Another weekend, another secret, and failed, meeting between the EU and Greece to find a bailout solution that simply does not exist. Reuters reports that while America was out camping, barbecuing and all around vacationing, the European Union was feverishly working on a second bailout package, holding another round of emergency talks with the Greek government, to prevent a June 29 default by Greece when money runs out. Alas, it is now too late: with austerity protests now a daily event, the political opposition has the upper hand and it seems that Greece's conservative opposition has demanded lower taxes as a condition for reaching a political consensus with the Socialist government on further austerity measures, a move which Brussels would not agree to, since unlike in America, cutting revenues does not lead to an reduction in the deficit, and anyone with a 2nd grader's education is aware of it. Punctuating that Europe's idealist unitary vision is about to be torn to shreds, even as the US and UK are out for the day, is the Greek 10-year Bund spread which rose by 20 basis points to 1,387 while two-year yields were up
58 bps to 26.23%.
More on the political barriers to a rescue package:
The tax cuts sought by conservative New Democracy leader Antonis Samaras could aggravate the revenue shortfall, but he argues they are essential to revive economic growth.
EU officials said a new 65 billion euro package could involve a mixture of collateralized loans from the EU and IMF, and additional revenue measures, with unprecedented intrusive external supervision of Greece's privatisation program. "It would require collateral for new loans and EU technical assistance -- EU involvement in the privatisation process," one senior EU official said, speaking on condition of anonymity.
Extra funding for Greece faces fierce political resistance from fiscal conservatives and nationalists in key north European creditor countries -- Germany, the Netherlands and Finland -- complicating EU governments' task.
More allegations of secret meetings, this time not from Spiegel but from Kathimerini:
Greek daily Kathimerini said finance ministers of the 17-nation single currency area may hold a special meeting next Monday on a new package. European Commission spokesman Amadeu Altafaj dismissed the report as "unfounded rumours, once again."
The next scheduled meeting of euro zone finance ministers is on June 20 in Luxembourg, having been pushed back a week from its original date. It will be followed three days later by a summit of EU leaders to assess the 18-month-long debt crisis.
And while a reprofiling, a SMILE, or however one wants to call the Greek bankruptcy is inevitable, the ECB continues to be staunchly against it, correctly pointing out that there is no such thing as a "controlled demolition."
ECB board member Lorenzo Bini Smaghi said in an interview published on Monday the idea that debt restructuring could be carried out in an orderly way was a "fairytale," saying it was the equivalent of the death penalty.
"If you look at financial markets, every time there is mention of a word like 'restructuring' or 'soft restructuring' they go crazy -- which proves that this could not happen in an orderly way, in this environment at least," Bini Smaghi told the Financial Times.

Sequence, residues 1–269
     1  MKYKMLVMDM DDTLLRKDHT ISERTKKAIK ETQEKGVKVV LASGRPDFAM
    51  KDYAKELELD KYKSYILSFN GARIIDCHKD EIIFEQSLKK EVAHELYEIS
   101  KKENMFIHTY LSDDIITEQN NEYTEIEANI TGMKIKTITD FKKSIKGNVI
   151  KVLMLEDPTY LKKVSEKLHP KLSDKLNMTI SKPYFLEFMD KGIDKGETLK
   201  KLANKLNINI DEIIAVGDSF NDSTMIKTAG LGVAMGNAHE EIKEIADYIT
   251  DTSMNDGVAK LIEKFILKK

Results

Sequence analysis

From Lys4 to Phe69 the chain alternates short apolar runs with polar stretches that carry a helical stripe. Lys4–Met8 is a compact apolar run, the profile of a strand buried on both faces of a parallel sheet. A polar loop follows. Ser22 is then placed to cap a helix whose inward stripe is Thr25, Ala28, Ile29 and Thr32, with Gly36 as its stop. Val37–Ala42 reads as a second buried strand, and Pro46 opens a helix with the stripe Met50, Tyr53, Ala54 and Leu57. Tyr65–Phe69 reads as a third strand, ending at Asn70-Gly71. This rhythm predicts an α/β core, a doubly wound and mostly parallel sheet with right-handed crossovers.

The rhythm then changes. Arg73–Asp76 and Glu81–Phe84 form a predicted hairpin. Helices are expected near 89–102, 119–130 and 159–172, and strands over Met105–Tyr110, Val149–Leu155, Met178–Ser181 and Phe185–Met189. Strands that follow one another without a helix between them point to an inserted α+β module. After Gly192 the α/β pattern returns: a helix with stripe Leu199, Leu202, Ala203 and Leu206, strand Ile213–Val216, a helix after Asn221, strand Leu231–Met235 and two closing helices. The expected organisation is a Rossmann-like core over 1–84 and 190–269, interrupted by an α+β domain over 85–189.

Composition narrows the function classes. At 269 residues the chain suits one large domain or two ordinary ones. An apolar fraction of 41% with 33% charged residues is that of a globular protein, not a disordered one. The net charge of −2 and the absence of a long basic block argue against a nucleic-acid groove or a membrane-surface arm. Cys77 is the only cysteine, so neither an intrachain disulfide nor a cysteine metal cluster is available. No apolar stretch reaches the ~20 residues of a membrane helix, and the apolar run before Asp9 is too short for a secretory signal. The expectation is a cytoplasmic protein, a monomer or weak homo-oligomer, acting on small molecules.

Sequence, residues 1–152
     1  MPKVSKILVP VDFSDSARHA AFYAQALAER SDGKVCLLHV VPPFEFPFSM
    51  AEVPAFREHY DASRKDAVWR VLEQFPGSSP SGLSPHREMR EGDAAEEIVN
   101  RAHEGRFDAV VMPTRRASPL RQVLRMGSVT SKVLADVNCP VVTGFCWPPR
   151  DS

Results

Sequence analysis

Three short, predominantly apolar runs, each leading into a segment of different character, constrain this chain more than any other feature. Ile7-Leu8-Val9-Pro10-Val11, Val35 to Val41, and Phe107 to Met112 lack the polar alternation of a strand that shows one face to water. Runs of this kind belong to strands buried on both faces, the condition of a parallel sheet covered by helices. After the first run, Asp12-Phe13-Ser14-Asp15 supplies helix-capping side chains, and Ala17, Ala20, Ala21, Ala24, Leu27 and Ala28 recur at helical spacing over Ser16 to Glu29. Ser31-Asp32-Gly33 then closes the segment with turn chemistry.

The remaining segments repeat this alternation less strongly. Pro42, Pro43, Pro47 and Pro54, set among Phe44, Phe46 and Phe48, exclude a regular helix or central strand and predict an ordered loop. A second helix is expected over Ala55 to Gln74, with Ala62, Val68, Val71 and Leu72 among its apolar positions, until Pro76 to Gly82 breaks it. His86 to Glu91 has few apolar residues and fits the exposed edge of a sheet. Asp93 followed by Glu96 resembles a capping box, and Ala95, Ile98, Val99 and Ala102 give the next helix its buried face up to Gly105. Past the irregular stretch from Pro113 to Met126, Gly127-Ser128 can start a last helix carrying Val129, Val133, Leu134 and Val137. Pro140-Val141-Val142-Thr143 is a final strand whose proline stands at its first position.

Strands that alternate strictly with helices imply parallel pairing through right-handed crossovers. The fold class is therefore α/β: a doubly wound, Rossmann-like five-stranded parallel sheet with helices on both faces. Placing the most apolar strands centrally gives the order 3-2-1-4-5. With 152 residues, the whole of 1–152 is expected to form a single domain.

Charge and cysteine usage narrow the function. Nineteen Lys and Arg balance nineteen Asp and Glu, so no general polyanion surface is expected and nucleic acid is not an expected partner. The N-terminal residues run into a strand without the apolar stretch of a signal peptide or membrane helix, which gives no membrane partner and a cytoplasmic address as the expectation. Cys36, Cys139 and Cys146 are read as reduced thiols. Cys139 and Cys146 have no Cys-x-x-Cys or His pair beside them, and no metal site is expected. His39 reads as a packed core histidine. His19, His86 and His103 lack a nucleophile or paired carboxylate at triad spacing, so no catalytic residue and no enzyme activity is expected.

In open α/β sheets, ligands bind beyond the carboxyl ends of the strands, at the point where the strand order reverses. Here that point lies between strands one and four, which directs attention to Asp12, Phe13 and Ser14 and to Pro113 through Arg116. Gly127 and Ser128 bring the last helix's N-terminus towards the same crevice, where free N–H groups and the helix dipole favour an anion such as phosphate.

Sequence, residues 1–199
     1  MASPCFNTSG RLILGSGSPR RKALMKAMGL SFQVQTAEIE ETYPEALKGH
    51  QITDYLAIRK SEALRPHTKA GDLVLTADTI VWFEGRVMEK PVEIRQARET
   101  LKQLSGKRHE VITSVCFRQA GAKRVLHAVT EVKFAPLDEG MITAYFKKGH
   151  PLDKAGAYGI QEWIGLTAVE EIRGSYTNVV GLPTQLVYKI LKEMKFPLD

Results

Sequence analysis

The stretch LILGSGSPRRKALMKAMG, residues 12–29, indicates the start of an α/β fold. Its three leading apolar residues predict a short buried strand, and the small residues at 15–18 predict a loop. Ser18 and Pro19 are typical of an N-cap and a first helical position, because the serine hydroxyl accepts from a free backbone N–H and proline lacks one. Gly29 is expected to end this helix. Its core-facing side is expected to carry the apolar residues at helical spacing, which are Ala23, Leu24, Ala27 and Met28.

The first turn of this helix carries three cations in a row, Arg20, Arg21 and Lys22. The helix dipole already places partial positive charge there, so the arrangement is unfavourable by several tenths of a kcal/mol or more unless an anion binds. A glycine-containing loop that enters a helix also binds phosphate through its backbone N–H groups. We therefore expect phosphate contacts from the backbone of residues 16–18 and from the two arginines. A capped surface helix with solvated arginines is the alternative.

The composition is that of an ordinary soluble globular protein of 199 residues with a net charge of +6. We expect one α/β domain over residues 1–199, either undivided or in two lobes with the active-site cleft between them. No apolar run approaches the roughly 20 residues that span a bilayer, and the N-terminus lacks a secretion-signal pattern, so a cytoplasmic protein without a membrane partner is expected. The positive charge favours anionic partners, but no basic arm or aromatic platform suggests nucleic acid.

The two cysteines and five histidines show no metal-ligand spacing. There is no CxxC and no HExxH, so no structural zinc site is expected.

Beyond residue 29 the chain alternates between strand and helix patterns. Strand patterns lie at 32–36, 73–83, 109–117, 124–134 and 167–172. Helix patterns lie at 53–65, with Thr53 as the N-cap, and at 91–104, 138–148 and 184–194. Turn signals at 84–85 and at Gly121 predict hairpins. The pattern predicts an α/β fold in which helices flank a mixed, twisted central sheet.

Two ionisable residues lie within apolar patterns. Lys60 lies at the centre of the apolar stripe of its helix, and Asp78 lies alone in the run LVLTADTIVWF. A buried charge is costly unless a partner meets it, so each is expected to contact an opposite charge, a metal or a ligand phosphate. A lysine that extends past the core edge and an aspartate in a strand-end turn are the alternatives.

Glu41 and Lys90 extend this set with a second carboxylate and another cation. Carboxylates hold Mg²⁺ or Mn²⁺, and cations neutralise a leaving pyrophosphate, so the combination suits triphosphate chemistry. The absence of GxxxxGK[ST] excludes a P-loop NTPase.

He also warned against a debt 'reprofiling', or voluntary extension of Greek bond maturities, saying it would be hard to get investors to agree to such a deal without the use of force.
Naturally, as reported yesterday, the best outcome to Europe, or rather Europe's bankers, would be for Greece to cede all sovereignty, and just become a vassal colony of Belgium:
"The Eurogroup is doing research for reprofiling -- what can you do on reprofiling? Is it possible without a credit event?" Dutch Finance Minister Jan Kees De Jager told reporters on Saturday in Cyprus. "It's an investigation, and we have to wait for the outcome of it.
EU officials contend that Greece could do much more to help itself by selling off a treasure trove of state assets.
ECB executive board member Juergen Stark told Welt am Sonntag newspaper that Athens could raise as much as 300 billion euros from privatising state property.
Greece currently aims to raise 50 billion euros from privatisations by 2015 to help stave off a fiscal meltdown, but the country lacks a proper land registry and ownership of many potentially lucrative assets is legally uncertain.
Athens is setting up a sovereign wealth fund to pool real estate assets and state stakes in companies such as telecom company OTE, Post Savings Bank and ports.
It is funny how everything will come to a head (enter IMF jokes) within a 24 hour span: the Greek IMF tranche is due June 29 (and as of right now we use the word "due" very loosely), while QE2 ends on June 30, which also happens to be the day the new IMF successor is expected to be chosen. Lots of distractions ahead: avoid the noise and focus on the signal.
And for all those to whom things are still unclear (even though Zero Hedge suggested the purchase of Greek, and all other sovereign, CDS back in January of 2009), here is a flowchart we presented in January of 2010, well before the "everybody could have seen this happening" stage, which explains everything that has transpired in (and with) Greece in the past 1.5 years. We are now in the "Insufficient Adjustment" stage. There are only two options as to what lies ahead (and only one open question: will the final E-Bay price for Santorini have the VAT included and can it be shipped via first overnight).